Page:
What's behind China's box office slow-down?
Screen reveals the context behind a weak Q1 and looks to the future.
Following an annual increase of only 3.7% in 2016, the Chinese box office slowed down further in the first quarter of 2017.
Total Q1 2017 box office came to $2.08bn*. When compared to the same period a year ago, this represented a marginal drop by 1.7%. But the gap would become wider – by 6.5% - if the online booking fees, which are now added to the box office, are removed.
Rance Pow, founder of consulting firm Artisan Gateway, told Screen that “part of the slowdown lies at the feet of a dearth of Chinese-language box office”.
“Box office for revenue-sharing imports was up by 43.9% and fixed-fee imports by 72.2%, while the important Chinese New Year trading period was up only by 8.9%,” he says.
Last year, Stephen Chow’s The Mermaid emerged as a massive Chinese New Year blockbuster ($492m); the film’s success was followed by Disney’s surprise animation hit Zootopia ($222m) in March. Those two titles were unsurpassed during the year with The Mermaid becoming China’s most successful film ever.
But the line-up was less impressive in the first quarter of this year. None of the Chinese New Year offerings – from Kung Fu Yoga, Journey To The West: The Demons Strike Back to Duckweed and Buddies In India - could match the phenomenal success of The Mermaid.
Meanwhile, the top grossing non-Chinese film, xXx: Return of Xander Cage ($163m) trailed far behind Zootopia.
The content line-up isn’t the only reason for the contrast, however.
“The Chinese market is now undergoing readjustment to get rid of irregularities such as box office fraud,” says one executive who doesn’t want to be named. “What we get now is probably more accurate than the inflated figures in the past.”
Pow says that it is taking time for the new accounting of the box office to work its way through the system under the new China Film Promotion Law. Some 300 cinemas have already been penalized since the implementation of the law in early 2017.
He also points to another local market change as a contributing factor to the slow-down.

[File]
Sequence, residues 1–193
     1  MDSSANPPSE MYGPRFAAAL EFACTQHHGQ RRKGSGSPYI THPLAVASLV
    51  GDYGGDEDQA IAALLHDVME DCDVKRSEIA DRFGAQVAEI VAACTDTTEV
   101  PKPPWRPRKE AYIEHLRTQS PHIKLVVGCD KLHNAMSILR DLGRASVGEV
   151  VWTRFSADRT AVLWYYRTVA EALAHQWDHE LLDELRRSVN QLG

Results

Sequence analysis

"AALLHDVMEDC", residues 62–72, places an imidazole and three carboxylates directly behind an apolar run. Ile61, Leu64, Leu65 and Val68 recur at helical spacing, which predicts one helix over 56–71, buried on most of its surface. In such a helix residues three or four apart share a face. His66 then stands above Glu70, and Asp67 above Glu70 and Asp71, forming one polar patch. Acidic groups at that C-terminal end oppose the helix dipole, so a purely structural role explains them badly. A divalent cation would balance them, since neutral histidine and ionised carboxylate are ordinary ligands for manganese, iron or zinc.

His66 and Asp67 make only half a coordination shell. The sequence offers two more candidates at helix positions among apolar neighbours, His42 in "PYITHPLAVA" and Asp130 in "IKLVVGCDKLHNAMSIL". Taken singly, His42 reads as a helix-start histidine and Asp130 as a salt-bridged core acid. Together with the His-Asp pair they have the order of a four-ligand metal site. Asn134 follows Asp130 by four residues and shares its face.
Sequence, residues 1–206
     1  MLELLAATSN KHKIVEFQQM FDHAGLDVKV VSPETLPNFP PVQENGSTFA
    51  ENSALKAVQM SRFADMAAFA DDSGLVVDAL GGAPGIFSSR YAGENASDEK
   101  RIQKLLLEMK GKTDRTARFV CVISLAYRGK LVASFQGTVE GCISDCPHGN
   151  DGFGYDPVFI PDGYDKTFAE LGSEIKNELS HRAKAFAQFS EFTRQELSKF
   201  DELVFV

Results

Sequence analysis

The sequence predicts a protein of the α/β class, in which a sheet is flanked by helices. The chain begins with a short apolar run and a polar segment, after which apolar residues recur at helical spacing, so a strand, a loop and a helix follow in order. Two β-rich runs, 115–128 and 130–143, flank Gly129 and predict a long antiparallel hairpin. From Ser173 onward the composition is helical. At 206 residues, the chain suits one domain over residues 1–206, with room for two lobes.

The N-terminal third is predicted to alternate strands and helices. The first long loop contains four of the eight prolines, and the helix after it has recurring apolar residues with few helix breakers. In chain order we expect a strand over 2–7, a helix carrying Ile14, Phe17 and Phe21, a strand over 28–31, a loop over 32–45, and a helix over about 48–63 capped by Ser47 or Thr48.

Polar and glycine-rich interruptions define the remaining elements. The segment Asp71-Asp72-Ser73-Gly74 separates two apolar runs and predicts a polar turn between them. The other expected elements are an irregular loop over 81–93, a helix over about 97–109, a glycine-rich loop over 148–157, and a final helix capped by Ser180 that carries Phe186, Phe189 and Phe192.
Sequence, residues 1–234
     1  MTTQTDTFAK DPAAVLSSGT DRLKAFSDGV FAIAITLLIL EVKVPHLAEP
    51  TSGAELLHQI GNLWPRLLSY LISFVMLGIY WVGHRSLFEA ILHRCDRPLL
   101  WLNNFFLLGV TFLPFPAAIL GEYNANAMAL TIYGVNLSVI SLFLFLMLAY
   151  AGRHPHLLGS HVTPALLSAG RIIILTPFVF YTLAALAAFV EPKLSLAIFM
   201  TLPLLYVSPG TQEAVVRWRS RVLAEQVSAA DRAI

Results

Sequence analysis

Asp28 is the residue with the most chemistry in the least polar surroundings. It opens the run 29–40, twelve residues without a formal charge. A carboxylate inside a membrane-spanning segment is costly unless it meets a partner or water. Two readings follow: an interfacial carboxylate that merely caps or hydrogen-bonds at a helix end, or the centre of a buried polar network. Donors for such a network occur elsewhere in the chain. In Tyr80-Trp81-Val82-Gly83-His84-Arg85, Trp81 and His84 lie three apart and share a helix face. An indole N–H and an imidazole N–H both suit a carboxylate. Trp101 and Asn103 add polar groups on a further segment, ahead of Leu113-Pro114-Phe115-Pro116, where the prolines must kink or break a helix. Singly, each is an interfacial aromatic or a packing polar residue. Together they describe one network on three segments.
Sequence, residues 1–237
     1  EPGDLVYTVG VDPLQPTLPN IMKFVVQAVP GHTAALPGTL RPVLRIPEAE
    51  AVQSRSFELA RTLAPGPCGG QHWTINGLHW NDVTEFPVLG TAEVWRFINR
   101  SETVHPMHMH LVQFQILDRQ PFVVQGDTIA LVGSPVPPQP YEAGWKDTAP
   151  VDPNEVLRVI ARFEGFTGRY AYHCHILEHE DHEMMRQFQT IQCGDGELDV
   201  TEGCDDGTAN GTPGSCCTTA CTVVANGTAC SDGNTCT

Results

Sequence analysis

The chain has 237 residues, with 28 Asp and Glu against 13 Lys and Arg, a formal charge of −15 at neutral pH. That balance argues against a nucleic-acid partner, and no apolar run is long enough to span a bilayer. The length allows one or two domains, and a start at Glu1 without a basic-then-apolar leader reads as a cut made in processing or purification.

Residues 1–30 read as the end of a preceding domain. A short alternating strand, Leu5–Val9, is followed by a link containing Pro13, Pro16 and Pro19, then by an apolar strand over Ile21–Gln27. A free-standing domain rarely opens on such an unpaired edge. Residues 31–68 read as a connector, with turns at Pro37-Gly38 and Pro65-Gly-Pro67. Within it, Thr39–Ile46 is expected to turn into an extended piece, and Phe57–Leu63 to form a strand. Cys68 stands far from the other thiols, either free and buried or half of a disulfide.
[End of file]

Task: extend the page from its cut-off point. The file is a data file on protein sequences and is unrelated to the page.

Chinese audiences had grown accustomed to discounts offered by online ticket platforms. Such discounts have been removed (except during Chinese New Year) this year meaning that some customers are experiencing higher costs.
But it’s not all doom and gloom. Jimmy Wu, CEO of upscale exhibitor Lumiere Pavilions, believes that the momentum is set to pick up again in the second quarter of 2017.
“Starting from Furious 8, the box office should come back,” he says.
The Fate Of The Furious is scheduled for April 14, followed by another Hollywood tentpole Guardians Of The Galaxy 2 on May 5.
Back in 2015, Furious 7, which was also released in April, made history in China when it earned $352m. The movie remains the top non-Chinese film ever at the local box office.
Now expectations are running high for the franchise’s eighth instalment. The pre-sales for its first three days (Friday – Sunday) have already reached a record-breaking $22m (as of today).
Notable Chinese films are also waiting in the wings for the May 1 Labour Day holidays.
This Is Not What I Expected, a romance-comedy produced by Peter Chan and starring Takeshi Kaneshiro and Zhou Dongyu, is due to open on April 27; ahead of Chen Zhengdao’s Battle Of Memories, starring Huang Bo and Xu Jinglei, and Hong Kong action-thriller Shock Wave, starring Andy Lau, on April 28.
More will be added to the line-up once authorities have dated them. In general, Hollywood titles don’t secure a release date until around one month before their opening.
Looking ahead, Pow of Artisan Gateway sees a moderate uptrend in growth.
“We don’t anticipate a near-term return to the 30% average annual growth we’ve witnessed over the past decade,” he cautions.
“But cinema building will continue at pace, as will an increasing number of Chinese-language foreign co-productions, both positives for the market,” he says. “Our best estimate at this time is that the 2017 Chinese box office may reach low double-digit growth.”
* all numbers are based on current exchange rate